1. Go to the PLUGIN_HOME/src/test/java/it/com/atlassian/plugins/tutorials/jira/testTutorial folder.
  2. Create a  MyComponentTrdTest.java file.
  3. Edit the file and add the following code:

    import static org.junit.Assert.assertEquals;
    import org.junit.Test;
     
    public class MyComponentTrdTest
    {
        @Test
        public void testSomeFailure()
        {
            System.out.println("I RAN But failed...");
            assertEquals("something failed","blah","boo");
        }
    }
  4. Save and close the file. 

Step 3.  Configure Test Groups

When your tests run, Surefire creates a PLUGIN_HOME/target/testgroupname directory to hold temporary files during the test generation and reports. At this point, you haven't defined any test groups.  So, Surefire created a PLUGIN_HOME/target/group-__no_test_group__ directory.  Test groups are useful if you are running a lot of integration tests.   You can create test groups that represents categories in your tests. Try this now.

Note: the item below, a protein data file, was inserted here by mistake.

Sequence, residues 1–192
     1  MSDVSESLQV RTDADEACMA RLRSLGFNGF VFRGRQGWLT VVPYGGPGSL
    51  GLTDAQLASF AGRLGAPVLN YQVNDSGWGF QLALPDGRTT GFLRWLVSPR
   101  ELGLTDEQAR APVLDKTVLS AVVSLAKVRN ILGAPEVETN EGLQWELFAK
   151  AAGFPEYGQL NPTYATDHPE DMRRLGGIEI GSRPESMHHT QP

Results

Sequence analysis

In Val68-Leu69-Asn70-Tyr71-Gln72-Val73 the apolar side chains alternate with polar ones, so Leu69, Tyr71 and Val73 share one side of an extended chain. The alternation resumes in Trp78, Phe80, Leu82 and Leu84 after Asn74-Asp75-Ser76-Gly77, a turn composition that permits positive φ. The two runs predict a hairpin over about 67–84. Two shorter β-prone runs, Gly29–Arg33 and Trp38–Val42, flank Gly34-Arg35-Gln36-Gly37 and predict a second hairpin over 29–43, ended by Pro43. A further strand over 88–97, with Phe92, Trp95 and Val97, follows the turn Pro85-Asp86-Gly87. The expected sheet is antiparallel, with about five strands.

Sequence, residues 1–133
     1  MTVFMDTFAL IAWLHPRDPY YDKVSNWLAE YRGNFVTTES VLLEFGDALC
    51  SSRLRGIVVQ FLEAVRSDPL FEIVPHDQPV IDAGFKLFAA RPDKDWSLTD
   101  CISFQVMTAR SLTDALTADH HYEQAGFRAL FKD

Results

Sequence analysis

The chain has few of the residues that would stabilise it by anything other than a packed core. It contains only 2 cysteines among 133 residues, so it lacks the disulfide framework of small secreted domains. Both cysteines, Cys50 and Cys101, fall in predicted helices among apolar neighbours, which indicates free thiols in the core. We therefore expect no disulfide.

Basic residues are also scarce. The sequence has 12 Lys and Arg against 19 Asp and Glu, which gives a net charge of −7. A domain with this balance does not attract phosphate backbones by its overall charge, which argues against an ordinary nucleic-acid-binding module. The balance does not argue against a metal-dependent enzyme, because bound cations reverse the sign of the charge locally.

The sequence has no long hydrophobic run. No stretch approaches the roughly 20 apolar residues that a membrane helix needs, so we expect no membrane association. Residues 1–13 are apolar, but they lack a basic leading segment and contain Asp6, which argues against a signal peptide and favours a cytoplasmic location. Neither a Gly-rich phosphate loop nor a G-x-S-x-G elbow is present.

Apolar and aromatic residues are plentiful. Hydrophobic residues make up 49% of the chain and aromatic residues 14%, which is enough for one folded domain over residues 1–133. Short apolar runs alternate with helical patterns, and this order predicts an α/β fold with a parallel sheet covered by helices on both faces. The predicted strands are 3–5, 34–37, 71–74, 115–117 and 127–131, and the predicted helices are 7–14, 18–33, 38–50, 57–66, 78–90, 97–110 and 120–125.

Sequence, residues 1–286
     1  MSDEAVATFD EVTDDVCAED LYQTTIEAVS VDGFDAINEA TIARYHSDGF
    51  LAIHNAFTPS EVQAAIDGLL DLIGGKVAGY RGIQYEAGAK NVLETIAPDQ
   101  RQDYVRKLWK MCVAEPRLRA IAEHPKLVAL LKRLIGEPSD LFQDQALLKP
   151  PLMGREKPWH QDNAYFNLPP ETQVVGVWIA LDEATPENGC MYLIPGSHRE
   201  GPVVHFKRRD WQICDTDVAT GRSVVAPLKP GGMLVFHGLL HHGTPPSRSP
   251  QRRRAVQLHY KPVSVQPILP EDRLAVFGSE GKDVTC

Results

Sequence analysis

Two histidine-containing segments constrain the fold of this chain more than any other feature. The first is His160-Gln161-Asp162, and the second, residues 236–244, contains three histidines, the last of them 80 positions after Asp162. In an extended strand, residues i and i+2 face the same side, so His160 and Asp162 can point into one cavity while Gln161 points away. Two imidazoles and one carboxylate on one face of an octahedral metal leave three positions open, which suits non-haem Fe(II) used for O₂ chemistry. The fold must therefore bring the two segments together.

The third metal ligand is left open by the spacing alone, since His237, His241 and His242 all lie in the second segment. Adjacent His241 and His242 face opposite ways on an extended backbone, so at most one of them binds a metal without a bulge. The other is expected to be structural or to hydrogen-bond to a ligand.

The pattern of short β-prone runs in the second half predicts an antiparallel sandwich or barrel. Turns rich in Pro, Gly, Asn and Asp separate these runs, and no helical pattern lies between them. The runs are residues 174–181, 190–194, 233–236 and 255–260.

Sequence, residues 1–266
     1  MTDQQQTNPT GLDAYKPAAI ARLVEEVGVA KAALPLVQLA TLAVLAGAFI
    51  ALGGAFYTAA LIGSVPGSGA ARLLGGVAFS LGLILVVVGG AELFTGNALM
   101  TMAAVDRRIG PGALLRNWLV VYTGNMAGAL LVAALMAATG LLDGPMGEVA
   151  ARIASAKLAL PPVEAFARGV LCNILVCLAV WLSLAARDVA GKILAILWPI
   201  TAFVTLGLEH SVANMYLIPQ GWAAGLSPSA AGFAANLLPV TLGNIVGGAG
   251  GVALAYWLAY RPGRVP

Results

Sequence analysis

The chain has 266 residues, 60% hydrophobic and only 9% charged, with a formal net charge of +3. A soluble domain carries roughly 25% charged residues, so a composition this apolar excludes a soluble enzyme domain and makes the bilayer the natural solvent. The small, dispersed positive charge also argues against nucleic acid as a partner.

While still in Eclipse and do the following to define a <testGroup> for your integration tests.

  1. Open your PLUGIN_HOME/pom.xml file.
  2. Locate the <build> section.
    This section lists each plugin you are building.   You are using a built-in Atlassian Maven plugin to run your plugin build.  Locate the plugin with the <groupId> of com.atlassian.maven.plugins you should see the following:

    <plugin>
    	<groupId>com.atlassian.maven.plugins</groupId>
    	<artifactId>maven-jira-plugin</artifactId>
    	<version>${amps.version}</version>
    	<extensions>true</extensions>
    	<configuration>
    		<productVersion>${jira.version}</productVersion>
    		<productDataVersion>${jira.version}</productDataVersion>
    	</configuration>
    </plugin>
  3. Define a <testGroups> section with two <testGroup> elements inside the configuration:

    <plugin>
    	<groupId>com.atlassian.maven.plugins</groupId>
    	<artifactId>maven-jira-plugin</artifactId>
    	<version>${amps.version}</version>
    	<extensions>true</extensions>
    	<configuration>
    		<productVersion>${jira.version}</productVersion>
    		<productDataVersion>${jira.version}</productDataVersion>